I had been waiting to fall in love to watch Game of Thrones, but I figured a quarantine in the midst of a pandemic was the perfect time. I started last week, and I’m in the middle of season three. I was so out of the loop for so many years, and now I feel like I’m part of something — albeit really delayed. I also watched season three of The Handmaid’s Tale, which actually made me feel better about what’s happening here.
And many episodes of Real Housewives, I’m assuming?
I’m watching cuts of New York, Atlanta, Potomac and Beverly Hills right now. I’m about to screen the finale of Atlanta and give notes on that. We’re trying to figure out how we can do this Atlanta reunion, since we hadn’t taped one yet.
How do you think reality is going to respond to all of this? There are so many shows that were in production — after 9/11, for instance, it was just The Real World and maybe one or two others that actually showed the reaction months later.
All of the shows I just mentioned had wrapped, but Orange County was in the middle of shooting. We’re maybe about a third of the way through the season. Now it’s about figuring out ways to cover what’s happening with them while they’re all in quarantine — because they are all still communicating. The folks at Evolution, which produces Orange County and Beverly Hills, are figuring out an innovative way to make it clear that we halted principal photography while they were under quarantine.
Do you think seeing that nine months down the line will be palliative or triggering?
I think it will be relatable and different. It will represent a piece of the season, and hopefully we’ll all come out of this and they’ll all come together in person. I will say, with [The Real Housewives of New York City] coming back on the air, my inbox has been flooded with people asking us that we dump the whole season at once. I’m glad we waited to air weekly, though. It’s a communal respite for Housewives Nation, as it were. The show is a real escape for a lot of people.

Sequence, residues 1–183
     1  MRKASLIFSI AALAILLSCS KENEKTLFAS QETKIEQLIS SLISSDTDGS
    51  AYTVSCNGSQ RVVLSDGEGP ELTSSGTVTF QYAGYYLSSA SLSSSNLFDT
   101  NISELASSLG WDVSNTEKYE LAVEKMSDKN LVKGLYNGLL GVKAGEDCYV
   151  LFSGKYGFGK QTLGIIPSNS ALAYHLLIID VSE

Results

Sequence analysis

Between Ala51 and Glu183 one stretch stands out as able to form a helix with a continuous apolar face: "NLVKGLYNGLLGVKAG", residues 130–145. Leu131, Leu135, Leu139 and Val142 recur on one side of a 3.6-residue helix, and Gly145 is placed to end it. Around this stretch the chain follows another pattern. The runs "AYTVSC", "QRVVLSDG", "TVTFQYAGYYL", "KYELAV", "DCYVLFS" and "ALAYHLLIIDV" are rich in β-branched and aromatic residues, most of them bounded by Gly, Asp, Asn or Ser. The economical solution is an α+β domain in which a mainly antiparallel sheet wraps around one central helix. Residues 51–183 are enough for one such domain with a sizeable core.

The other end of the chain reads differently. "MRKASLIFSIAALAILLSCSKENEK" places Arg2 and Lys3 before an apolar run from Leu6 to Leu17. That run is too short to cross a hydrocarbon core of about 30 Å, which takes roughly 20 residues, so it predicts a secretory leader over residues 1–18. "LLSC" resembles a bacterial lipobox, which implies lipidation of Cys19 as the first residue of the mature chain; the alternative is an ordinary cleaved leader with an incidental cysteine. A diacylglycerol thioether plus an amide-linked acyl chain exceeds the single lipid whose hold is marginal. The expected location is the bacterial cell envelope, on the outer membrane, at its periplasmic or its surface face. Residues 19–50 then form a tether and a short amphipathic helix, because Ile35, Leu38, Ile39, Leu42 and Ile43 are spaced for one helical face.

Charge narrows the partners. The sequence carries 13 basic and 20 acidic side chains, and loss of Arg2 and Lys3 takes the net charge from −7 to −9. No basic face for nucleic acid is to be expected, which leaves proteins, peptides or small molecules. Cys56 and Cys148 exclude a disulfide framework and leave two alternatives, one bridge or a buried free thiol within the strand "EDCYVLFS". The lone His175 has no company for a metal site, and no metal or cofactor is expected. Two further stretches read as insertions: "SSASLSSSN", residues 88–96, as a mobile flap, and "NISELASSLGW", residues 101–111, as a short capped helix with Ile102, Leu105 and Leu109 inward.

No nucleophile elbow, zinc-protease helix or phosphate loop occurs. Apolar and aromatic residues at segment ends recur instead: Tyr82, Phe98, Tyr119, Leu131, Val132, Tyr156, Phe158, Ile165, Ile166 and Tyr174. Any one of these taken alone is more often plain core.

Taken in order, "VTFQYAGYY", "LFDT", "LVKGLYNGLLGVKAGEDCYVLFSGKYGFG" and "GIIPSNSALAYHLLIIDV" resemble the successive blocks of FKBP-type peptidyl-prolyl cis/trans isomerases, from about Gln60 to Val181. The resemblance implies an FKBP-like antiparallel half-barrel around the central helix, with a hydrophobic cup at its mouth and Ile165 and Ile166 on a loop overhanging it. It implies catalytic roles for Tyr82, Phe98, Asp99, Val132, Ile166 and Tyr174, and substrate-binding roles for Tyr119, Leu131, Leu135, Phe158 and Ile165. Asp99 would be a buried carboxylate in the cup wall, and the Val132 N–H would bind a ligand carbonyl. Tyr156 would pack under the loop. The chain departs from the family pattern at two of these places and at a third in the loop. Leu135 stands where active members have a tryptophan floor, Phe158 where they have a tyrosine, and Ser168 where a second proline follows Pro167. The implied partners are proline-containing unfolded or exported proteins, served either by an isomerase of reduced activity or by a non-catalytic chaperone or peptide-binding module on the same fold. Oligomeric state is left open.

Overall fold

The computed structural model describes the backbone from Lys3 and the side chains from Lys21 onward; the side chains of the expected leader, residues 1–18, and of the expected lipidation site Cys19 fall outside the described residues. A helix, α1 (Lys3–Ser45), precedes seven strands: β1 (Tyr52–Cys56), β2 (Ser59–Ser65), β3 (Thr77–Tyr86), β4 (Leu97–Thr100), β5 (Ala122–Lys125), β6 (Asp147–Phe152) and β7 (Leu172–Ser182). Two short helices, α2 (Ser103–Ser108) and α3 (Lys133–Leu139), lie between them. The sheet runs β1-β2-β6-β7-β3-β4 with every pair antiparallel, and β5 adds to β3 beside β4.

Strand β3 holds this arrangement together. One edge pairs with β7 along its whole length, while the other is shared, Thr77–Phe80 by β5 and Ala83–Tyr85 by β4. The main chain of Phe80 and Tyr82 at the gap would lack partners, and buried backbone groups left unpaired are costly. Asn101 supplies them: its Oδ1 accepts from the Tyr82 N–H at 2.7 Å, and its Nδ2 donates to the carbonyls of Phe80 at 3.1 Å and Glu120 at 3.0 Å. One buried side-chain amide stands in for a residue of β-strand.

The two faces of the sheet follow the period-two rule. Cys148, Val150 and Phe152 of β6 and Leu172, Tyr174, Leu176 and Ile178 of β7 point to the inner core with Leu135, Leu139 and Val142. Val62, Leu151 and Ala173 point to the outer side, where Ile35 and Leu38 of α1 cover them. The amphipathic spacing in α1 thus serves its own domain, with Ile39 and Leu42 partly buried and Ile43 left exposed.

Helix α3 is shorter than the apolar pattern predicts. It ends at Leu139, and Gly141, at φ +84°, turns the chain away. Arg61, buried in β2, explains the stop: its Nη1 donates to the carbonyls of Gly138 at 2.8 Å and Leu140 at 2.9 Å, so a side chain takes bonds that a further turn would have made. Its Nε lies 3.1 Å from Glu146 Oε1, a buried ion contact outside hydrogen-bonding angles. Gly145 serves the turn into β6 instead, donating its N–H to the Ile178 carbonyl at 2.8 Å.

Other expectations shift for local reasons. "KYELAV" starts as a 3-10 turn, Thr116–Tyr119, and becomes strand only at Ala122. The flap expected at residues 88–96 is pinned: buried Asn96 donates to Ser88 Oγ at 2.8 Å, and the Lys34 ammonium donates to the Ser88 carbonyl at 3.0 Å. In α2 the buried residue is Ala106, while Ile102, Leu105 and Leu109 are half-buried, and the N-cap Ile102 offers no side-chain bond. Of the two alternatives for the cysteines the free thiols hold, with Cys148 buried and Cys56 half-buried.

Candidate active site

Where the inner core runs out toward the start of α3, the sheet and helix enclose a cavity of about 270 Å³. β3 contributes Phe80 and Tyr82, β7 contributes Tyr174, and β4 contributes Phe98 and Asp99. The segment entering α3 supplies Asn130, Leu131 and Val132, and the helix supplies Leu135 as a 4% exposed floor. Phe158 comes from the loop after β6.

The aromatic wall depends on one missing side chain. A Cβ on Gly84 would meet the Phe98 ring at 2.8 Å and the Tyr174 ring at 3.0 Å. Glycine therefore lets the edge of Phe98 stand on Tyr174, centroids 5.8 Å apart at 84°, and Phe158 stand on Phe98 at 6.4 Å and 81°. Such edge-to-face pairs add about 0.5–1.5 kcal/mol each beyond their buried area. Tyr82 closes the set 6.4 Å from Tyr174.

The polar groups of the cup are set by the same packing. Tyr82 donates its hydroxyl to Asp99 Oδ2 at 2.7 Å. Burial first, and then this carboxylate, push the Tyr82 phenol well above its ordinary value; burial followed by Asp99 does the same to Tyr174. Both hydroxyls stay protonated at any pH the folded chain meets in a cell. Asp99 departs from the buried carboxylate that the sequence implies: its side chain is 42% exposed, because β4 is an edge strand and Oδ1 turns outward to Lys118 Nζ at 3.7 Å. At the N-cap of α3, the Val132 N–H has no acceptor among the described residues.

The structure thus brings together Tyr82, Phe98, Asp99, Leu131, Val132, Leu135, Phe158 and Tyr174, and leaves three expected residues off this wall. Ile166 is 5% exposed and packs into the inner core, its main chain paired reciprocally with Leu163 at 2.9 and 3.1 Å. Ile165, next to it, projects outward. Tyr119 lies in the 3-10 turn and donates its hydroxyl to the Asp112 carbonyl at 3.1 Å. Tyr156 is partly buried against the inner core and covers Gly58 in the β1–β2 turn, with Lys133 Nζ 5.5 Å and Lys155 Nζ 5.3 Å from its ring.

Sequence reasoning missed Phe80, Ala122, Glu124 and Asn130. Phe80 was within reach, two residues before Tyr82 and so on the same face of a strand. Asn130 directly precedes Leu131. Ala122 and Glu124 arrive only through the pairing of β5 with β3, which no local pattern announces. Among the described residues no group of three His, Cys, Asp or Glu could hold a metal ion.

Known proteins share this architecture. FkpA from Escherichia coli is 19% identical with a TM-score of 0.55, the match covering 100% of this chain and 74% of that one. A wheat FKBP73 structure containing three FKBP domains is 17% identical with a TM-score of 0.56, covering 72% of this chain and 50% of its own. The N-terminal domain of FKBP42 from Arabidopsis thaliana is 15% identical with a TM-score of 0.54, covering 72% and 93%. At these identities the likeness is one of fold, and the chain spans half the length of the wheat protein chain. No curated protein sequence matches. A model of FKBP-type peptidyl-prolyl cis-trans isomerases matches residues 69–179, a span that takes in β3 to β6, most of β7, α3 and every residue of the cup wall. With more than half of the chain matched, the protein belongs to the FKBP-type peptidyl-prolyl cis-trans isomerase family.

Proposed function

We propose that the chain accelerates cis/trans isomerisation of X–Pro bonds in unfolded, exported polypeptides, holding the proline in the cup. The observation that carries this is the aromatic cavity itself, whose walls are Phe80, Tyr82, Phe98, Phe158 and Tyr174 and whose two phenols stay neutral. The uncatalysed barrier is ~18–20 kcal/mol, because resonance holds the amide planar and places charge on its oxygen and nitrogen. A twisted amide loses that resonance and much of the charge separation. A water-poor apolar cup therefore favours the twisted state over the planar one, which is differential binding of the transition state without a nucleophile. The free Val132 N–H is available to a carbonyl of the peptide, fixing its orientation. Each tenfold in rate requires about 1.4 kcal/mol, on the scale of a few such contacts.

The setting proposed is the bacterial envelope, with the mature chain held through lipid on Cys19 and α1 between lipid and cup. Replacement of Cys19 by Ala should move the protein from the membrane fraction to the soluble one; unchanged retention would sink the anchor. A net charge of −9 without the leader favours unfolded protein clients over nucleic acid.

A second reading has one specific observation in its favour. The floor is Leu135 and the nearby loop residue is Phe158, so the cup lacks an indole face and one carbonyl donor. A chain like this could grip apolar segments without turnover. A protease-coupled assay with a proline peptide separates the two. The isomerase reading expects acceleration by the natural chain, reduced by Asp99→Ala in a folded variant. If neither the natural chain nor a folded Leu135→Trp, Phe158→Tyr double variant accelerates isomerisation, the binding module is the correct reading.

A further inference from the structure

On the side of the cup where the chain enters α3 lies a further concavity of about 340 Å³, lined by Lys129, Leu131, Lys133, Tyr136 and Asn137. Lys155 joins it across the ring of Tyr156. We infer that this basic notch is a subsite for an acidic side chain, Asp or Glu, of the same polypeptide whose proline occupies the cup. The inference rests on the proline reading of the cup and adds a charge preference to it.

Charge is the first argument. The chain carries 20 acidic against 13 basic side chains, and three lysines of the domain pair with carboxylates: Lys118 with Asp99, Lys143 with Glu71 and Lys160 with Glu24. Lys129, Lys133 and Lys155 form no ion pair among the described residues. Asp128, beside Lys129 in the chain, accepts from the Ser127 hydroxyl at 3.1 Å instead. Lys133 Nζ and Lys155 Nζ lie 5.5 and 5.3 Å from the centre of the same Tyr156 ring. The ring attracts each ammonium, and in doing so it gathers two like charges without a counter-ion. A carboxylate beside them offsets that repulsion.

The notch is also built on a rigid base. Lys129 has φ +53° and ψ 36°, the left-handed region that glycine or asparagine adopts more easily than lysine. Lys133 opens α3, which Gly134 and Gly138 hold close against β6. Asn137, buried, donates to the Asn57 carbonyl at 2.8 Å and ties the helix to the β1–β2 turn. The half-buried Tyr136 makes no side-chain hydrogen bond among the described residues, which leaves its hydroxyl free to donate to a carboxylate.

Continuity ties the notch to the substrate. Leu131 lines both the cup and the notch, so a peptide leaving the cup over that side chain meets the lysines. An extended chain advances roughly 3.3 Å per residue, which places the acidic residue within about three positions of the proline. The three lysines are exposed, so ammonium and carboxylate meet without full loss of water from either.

Are you considering taping a remote Atlanta reunion?
We’re troubleshooting that now. It’s definitely on the table.
What have become your go-to comfort foods during the quarantine?
I really had no appetite when I was sick. Frankly, I lost a lot of weight. I happen to be a person who eats out a lot — that’s obviously not happening now — so I’ve been getting a lot of my food from a catering place in the West Village.
Any neighborhood restaurants you want to give a shout-out to?
I live right by Corner Bistro, which has the best burger in the city. I’d suggest anyone get on their bike and go down there because they’re doing carryout.
John Mayer was on Watch What Happens Live this week. Any chance of seeing you on his Instagram show? It’s very soothing.
I agree. John started the whole thing, and now every celebrity is going live on Instagram. He was the guy that was calming people down from their Sunday scaries two years ago. I will join him when he asks me to, but until then I will just watch.
What’s atop your to-do list once this is all over?
I want to go dancing, eat at Via Carota and get back to filming in my studio. I love my clubhouse, I love my team and I love the audience that comes to the show.